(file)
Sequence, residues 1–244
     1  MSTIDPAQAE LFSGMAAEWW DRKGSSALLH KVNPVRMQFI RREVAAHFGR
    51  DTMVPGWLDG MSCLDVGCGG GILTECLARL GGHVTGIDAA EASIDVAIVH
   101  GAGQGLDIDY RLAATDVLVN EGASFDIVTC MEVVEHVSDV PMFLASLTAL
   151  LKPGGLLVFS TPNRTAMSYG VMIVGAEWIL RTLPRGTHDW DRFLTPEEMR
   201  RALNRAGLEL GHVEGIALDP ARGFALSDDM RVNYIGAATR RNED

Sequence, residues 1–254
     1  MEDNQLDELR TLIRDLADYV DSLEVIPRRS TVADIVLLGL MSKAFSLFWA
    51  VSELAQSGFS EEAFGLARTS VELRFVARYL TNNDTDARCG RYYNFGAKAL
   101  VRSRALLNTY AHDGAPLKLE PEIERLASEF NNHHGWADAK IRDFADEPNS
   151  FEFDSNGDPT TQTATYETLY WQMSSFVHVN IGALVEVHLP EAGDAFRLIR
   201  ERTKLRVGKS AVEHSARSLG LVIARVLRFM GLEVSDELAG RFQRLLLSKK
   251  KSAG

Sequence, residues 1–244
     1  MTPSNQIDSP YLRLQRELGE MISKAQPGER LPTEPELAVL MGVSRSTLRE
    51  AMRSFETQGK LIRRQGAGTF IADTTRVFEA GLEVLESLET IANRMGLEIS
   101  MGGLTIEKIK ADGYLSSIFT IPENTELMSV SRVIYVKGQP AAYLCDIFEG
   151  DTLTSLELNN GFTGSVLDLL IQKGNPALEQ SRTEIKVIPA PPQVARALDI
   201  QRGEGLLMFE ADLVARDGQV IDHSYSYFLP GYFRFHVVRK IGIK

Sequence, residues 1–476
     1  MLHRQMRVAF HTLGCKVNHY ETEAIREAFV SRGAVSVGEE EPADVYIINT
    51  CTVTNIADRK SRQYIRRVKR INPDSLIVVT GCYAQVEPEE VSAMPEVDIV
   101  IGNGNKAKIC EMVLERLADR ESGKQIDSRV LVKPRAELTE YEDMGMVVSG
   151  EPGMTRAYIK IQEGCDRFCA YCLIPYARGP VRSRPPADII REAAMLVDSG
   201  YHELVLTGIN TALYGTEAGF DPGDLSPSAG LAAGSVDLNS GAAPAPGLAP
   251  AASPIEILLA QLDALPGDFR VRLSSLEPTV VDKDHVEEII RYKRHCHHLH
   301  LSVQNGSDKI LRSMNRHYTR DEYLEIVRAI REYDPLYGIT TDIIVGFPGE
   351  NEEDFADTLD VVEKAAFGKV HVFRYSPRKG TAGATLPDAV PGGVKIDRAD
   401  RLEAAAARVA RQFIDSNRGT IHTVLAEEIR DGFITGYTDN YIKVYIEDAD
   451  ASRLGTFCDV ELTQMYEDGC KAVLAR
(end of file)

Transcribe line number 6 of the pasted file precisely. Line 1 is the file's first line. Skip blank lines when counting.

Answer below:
   201  RALNRAGLEL GHVEGIALDP ARGFALSDDM RVNYIGAATR RNED